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  • “Beside the Rivering Waters of Charleston”: The Twenty-third North American James Joyce Conference, College of Charleston, South Carolina, 11–15 June 2013
  • Christian Howard

While perhaps not universally acknowledged, it is a truth nonetheless that Joyceans have a rather odd sense of humor. This fact—not an unpleasant one, I might add—hit me forcibly during the twenty-third North American James Joyce Conference, “Joyce in Charleston,” smoothly run and effectively organized by Tom Rice and Joe Kelly.

It was my first Joyce conference, and admittedly, I didn’t know what to expect. I had heard that the collective if somewhat daunting entity known as “the Joyceans” were friendly, yet I was unprepared [End Page 223] for the gracious and personal welcome extended by these scholars. Whether over drinks, on the ferry ride to the nearby Fort Sumter, or during lunch at a deli and bakery (with the unlikely name of “Caviar and Bananas”—a name, I feel, in which Joyce would have reveled), conversations assumed distinctive personalities as they ranged not only over Joyce and the scholarly work following in his wake (pardon the over-used pun) but also over the state of secondary-school systems in Texas, orphanages in Romania, and the imprimatur of—yes, cats. Eclectic, perhaps, but certainly in keeping with the Joycean spirit and altogether delightful.

My strategy (I use the term loosely) for choosing which panels to attend was similarly eclectic, though I followed two general rules, the first of which was simply to attend the panels most in line with two of my own scholarly interests, including various (visual, digital) representations of Joyce’s works and narrative studies. Two presentations in particular focused upon fascinating digital projects that are developing around Joyce’s texts: Matt Huculak’s work on the Modernist Versions Project to “build a versioned Ulysses” using “para.txts” and “modVers,” enabling researchers to view versioned texts simultaneously and isolate important paratextual differences, and Jasmine Mulliken’s “Mapping Dubliners Project,” a digital tool designed to explore the “geospacial elements” of Dubliners both within and beyond the classroom setting. Additionally, in her “Ulysses ‘Seen’: Re-visioning Modernism in the Digital Turn,” Melissa Higgins examined tensions between narratives and visual media through her analysis of the online serialization of Robert Berry’s graphic-novel adaptation of Ulysses. This focus upon visual aspects of texts made a similar appearance in Amanda Sigler’s lively “Provocative Punctuation and Licentious Letters,” in which Sigler considered the sexy, illustrated lettering in Two Worlds Monthly, giving a whole new meaning to Joyce’s “dirty letters.” More on the narratological side of things was Sean Latham’s “Gaming the Wake,” which evaluated the incoherence of Joyce’s fictional world by situating the Wake between “Possible Worlds” theory and ludology. These were merely a few of the presentations that navigated so well between the Scylla and Charybdis of intellectual rigor and innovative playfulness within Joycean scholarship.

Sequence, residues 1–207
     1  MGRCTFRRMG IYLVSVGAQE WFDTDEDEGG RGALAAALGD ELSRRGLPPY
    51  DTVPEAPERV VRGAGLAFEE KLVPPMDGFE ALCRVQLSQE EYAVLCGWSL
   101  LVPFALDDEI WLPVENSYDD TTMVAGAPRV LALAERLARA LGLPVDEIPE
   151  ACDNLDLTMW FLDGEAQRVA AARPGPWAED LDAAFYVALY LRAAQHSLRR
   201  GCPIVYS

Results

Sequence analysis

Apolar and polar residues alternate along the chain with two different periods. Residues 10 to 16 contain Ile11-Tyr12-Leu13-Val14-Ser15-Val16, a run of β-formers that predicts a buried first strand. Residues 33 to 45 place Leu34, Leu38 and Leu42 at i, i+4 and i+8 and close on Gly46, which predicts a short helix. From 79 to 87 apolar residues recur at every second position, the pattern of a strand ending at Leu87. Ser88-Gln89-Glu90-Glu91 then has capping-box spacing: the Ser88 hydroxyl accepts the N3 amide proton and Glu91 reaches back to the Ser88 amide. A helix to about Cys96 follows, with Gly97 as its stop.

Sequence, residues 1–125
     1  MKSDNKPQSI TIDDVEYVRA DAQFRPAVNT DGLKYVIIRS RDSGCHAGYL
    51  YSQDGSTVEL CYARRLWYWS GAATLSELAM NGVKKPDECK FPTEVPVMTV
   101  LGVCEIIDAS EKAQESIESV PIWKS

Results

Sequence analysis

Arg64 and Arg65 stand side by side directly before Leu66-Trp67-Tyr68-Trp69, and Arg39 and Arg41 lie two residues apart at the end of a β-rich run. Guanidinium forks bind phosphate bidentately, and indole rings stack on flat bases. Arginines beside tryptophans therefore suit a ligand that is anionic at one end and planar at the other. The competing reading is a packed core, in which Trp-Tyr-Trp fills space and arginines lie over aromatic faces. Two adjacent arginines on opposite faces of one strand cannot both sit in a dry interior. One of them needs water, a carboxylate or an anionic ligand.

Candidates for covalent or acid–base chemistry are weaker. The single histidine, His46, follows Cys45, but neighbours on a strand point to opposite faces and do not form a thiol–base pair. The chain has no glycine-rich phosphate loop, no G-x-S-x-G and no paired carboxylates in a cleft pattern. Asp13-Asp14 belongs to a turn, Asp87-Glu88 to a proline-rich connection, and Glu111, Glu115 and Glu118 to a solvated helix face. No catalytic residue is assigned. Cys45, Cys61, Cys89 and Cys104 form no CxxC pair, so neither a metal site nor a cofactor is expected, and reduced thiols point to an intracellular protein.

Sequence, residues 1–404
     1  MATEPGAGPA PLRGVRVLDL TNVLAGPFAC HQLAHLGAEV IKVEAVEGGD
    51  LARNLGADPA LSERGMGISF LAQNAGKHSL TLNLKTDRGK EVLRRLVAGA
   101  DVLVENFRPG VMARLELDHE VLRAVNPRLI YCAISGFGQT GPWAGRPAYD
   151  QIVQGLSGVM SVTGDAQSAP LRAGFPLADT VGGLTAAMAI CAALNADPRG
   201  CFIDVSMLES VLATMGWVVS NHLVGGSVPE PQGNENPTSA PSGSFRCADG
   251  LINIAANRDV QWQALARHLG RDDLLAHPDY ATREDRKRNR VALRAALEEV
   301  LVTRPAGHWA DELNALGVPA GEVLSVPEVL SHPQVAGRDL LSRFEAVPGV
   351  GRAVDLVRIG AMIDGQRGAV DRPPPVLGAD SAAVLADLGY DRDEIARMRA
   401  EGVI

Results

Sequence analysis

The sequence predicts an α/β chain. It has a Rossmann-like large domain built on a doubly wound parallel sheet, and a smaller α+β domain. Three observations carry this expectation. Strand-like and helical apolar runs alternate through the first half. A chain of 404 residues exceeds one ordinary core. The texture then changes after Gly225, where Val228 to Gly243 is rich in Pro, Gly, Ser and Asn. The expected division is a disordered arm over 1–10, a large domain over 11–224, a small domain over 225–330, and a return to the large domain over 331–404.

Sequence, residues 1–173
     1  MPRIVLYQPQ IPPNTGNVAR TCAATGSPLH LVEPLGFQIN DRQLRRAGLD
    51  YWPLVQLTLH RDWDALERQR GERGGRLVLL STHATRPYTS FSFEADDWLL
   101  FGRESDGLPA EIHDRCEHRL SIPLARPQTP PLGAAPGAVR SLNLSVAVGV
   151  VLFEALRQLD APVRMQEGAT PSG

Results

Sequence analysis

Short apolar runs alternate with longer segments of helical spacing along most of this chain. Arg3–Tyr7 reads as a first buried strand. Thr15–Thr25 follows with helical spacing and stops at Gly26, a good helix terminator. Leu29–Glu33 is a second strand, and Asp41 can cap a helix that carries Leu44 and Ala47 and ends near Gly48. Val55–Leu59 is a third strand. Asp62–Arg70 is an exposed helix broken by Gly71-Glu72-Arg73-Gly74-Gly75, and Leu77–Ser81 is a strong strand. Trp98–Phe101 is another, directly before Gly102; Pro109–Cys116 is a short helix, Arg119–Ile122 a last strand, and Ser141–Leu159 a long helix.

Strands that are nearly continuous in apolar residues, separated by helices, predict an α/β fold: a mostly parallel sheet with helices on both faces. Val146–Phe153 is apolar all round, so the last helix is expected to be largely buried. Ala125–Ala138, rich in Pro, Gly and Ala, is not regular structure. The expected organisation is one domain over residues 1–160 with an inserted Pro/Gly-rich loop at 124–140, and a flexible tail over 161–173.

The second rule I followed when choosing panel presentations was to attend those of fellow graduate students. Varying in much greater range than the panels I otherwise attended, these presentations were personally inspiring even as they revealed the intriguing directions in which a new generation of Joyce scholars is taking its research. Notable among these were Donald Calabrese’s “‘Give it a name, [End Page 224] Citizen’: Naming in the Ulysses Avant-Texte,” a consideration of naming (via the tradition of analytic philosophy) in relation to genetic criticism; Kathryn Webb’s “Circe’s Looking Glass: Joyce’s ‘Circe’ Episode via Jarry, Ibsen, and Strindberg,” a comparative analysis in which our protagonist was cast as “Ubu Bloom”; Gabriel Mamola’s “The Bass and Treble of His Method: Coincidence in Joyce’s ‘Sirens,’” an assessment of music as distraction and the subsequent narrative positioning of the episode; and Johanna Winant’s “What Is It Like to Be Another? Leopold Bloom and Empathy,” an ethical and philosophical examination of Bloom’s attempts to picture himself as another. I certainly hope to see these scholars at subsequent Joyce conferences!

Other notable events included Vincent Cheng’s plenary session, “Joyce, Ireland, and the American South: Blackness, Whiteness, and Lost Causes.” While broad in scope and implications, the presentation...


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